Login

Login

To access this feature, please Log In or Register for your Casebriefs Account.

Add to Library

Add

Search

Login
Register
Register

Moore v. Phillips

Law Dictionary
CASE BRIEFS

Law Dictionary

Featuring Black's Law Dictionary 2nd Ed.
AA
Font size

Property Law Keyed to Cribbet

View this case and other resources at:
Bloomberg Law

Citation. 22 Ill.6 Kan. App. 2d 94, 627 P.2d 831 (Ct. App. 1981)

Brief Fact Summary. Leslie Brannan died owning land and a farmhouse, which he left to his wife a life estate, with the remainder interests to Dorothy Moore and Kent Reinhardt. During the lifetime of the life tenant the farmhouse was allowed to deteriorate and, upon the life tenant’s death, the remaindermen Moore and Kent filed suit against the estate of the life tenant for the waste of the farmhouse.

Synopsis of Rule of Law. A life tenant is considered by law to be a quasi-trustee for the benefit of the remaindermen and there is a duty imposed by law to neither commit waste to the property held in life tenancy nor to permit waste to occur.


Facts. In 1962 Leslie Brannan died owning real estate consisting of land and a farmhouse. By his will he left to his wife, Ada C. Brannan, a life estate in the land and farmhouse, with the remainder of the estate to Dorothy Moore and Kent Reinhart. Ada Brannan resided in the farmhouse until 1964. Thereafter, she rented the farmhouse until 1965, when it became vacant. From 1965 Ada Brannan rented the land, but the farmhouse remained unoccupied. From 1969 to 1971 the farmland was leased to the remaindermen but they did not occupy the house. The remaindermen inspected the premises from time to time through the years following. In 1973 Ada Brannan petitioned for voluntary conservatorship due to health problems. In 1976 Ada Brannan died testate, leaving her property to others. Ada Brannan and her daughter, remainderman Moore, were estranged from 1964 until Ada Brannan’s death. After Ada Brannan’s death, a demand for damages on the theory of waste was filed against the estate of Ada Branna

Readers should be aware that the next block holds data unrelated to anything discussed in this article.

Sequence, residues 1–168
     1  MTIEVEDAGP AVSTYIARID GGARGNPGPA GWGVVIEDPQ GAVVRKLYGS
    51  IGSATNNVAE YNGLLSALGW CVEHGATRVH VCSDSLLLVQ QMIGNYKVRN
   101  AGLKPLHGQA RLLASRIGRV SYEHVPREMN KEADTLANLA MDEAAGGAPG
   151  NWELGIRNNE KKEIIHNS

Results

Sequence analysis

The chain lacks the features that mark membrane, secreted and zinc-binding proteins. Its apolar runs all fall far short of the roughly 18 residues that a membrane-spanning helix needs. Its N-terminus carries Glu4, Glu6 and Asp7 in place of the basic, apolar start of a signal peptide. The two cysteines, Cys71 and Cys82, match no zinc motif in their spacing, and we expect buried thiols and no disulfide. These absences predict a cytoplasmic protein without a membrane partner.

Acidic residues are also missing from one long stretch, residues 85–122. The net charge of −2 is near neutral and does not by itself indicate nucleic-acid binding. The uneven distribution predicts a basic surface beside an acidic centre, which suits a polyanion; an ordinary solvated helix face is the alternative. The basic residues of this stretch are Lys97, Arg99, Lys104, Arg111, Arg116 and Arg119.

n. The total damages were alleged to be $16,159.00, but was found by the district court to be $10,433.00. The executrix of Ada Brannan’s estate, Ruby Phillips, asserted defenses of laches or estoppel, statute of limitation, and abandonment. The district magistrate sustained the defense of laches or estoppel, which upon appeal to the district court, was rejected as a defense and judgment was entered in favor of the remaindermen. Executrix appealed.

Issue. Are the claims raised by the remaindermen for waste filed eleven years after the creation of the life estate (and the death of the life tenant) barred by laches or estoppel?
See More Course Videos

Create New Group

Casebriefs is concerned with your security, please complete the following